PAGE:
How the 1978 existential drama ‘Arvind Desai Ki Ajeeb Dastaan’ examines the struggle to understand the meaning of life
In the opening scene of Saeed Akhtar Mirza’s “Arvind Desai Ki Ajeeb Dastaan” (1978), we witness a carpet come to life. The camera slowly pans around a village full of laborers who finish up different aspects of the same clothing. A gentle score rings into your head as the shot glides into a posh showroom where the carpet finally ends up. In a single transitioning movement the director establishes the basic difference in privilege. However, the scenes that follow actually touch the themes that the filmmaker wishes to touch upon.
When we first meet Arvind Desai (Dilip Dhawan) he feels like a committed and confident man who is good at his job. But before we actually meet him we also see him aimless roaming around in his car and the streets of Bombay. This mise-en-scène is carefully calibrated to dive into Arvind’s conflicting existence. The film – whose title neglects other adjectives to portray his tale as ‘weird’ becomes apt with every moving minute. Mirza’s film is a constant struggle about a person trapped in a privilege that he both enjoys and doesn’t understand.
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Arvind Desai’s ‘dastan‘ (tale) is that of a drifter. He is constantly in motion but never actually satisfied with who he is. He has a little affair with his secretary ‘Alice’ but that interest doesn’t have any kind of spark. There’s no sign of physical intimacy as Arvind only takes her to a restaurant of his choice. He also stumbles onto a communist/leftist friend (played by Om Puri) whose ideologies seem interesting to him. However, this one time when he does end up sitting with him while he and his colleagues discuss the state of the country – he doesn’t have anything to say. He blankly looks out of the window claiming that he is not intellectual enough for the discussion. He is also not pleased with the way his patriarchal father treats his mother who has submerged herself in her holy books.
We see Arvind being considerate about social injustice when the middle-men of his business want higher margins. There’s a clue that he wants to take the side of the laborers who will be at loss here but we never actually feel that he’s in any kind of plight. The film never focuses on plot devices to bring Desai into a conflict. This is because there isn’t one. Arvind Desai’s greatest conflict is his existence. This is probably one of the very few films Indian films that actually deal with the existential question of an elitist upper-classman. When Arvind, in one of his quests, ends up in his sister’s apartment he is passive-aggressive about her existence. He is almost fuming at the possibilities that she is, in fact, living a life that is a lie. She condemns her posh livelihood, handling out a reality-check to her. In this particular scene, there’s also a sense of self-actualization. Arvind realizes that he is acting in a very difficult manner. Almost as if he is reveling in self-guilt.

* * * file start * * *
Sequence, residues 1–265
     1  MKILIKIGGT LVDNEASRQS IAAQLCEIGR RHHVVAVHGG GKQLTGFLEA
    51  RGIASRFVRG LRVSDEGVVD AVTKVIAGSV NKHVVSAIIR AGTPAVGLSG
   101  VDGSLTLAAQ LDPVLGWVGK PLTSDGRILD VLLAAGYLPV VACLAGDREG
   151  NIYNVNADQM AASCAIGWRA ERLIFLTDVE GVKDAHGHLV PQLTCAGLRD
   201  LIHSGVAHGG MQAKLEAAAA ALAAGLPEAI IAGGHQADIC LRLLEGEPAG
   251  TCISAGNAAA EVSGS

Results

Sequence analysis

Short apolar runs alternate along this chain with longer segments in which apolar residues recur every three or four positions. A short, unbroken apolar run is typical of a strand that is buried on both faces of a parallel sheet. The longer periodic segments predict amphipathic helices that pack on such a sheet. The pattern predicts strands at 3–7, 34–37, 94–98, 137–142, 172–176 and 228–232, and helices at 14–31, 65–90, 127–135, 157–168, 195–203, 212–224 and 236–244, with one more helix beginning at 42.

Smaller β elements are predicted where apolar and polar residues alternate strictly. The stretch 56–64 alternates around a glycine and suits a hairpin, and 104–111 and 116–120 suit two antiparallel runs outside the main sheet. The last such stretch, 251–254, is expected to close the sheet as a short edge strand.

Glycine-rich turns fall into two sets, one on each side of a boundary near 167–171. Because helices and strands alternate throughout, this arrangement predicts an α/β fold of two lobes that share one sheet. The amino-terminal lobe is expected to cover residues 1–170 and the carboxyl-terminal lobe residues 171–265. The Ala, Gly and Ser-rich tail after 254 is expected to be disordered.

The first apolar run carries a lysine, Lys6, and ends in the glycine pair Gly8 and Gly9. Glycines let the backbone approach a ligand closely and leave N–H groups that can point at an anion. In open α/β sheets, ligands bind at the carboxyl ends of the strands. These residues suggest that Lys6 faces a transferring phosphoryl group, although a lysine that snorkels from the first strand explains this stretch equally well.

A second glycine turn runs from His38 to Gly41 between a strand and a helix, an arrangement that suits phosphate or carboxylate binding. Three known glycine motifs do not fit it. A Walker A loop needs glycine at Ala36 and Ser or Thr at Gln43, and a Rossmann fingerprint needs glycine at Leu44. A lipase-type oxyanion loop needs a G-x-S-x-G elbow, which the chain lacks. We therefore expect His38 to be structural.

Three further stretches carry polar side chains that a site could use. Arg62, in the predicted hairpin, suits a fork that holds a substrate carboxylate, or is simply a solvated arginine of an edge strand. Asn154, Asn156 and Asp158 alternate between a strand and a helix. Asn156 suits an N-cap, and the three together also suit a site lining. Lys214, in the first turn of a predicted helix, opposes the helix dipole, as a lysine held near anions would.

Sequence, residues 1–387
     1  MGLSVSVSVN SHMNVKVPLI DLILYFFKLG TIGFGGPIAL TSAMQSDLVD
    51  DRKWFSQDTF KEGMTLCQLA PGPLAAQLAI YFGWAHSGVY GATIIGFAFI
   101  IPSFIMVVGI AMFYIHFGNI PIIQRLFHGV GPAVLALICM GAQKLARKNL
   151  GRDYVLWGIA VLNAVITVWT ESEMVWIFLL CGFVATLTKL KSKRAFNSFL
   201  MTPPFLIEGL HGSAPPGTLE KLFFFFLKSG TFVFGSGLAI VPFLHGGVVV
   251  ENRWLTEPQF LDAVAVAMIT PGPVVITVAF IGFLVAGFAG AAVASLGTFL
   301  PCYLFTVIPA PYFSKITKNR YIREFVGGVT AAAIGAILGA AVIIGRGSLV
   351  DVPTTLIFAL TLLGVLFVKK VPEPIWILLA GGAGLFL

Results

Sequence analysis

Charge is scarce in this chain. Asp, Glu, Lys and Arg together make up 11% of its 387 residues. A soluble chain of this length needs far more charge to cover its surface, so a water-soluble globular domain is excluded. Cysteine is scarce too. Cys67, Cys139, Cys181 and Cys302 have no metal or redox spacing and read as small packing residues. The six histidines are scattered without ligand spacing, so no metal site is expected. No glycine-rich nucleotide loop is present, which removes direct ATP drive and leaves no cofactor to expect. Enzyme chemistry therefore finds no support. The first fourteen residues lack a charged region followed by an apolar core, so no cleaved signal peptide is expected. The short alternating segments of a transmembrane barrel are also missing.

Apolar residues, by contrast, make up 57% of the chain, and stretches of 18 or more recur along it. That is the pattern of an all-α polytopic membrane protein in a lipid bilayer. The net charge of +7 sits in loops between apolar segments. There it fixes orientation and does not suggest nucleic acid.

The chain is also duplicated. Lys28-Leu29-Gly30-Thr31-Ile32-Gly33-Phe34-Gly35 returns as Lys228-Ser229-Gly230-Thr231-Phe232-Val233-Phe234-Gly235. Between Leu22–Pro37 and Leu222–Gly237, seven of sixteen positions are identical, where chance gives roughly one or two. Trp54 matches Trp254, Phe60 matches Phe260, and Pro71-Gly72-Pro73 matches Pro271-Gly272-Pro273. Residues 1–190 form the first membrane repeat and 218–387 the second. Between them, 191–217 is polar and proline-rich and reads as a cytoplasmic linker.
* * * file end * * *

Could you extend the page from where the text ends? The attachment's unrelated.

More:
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Saeed Akhtar Mirza’s direction in crucial scenes seems heavy-handed. This might be because this is his first film after just graduating out of FTII. There are obvious lift-offs from legendary filmmakers but the cyclic, drifting feeling of this feature debut feels original in it’s setting. Mirza’s narrative feels really distant at times – almost exhausting and too random to really dwell into the tale but there are some really interesting filmmaking choices. For instance, the particular scenes where Arvind meets the middle-men in his office features a sequence where the audio cuts off once they move through various doors of the showroom. Hinting towards the capitalistic claustrophobia that is found in such official workplaces.
We see Arvind is uncomfortable working there but we also see that he is not focused on anything else in his life. Mirza manages to show us the tale but never manages to make us sympathize or invest in his plight on an emotional level. “Arvind Desai Ki Ajeeb Dastaan” is a truly existential drama about a man who is unable to perceive what his life is all about. Much like Govind Nihalani’s satire ‘Party,’ Mirza’s protagonist and his weird tale serve as a scathing critic on the cushy existence that the elite enjoy. He shows us the hollowness of the upper-class life through a person who is constantly trying to crawl out of it but simply can’t.
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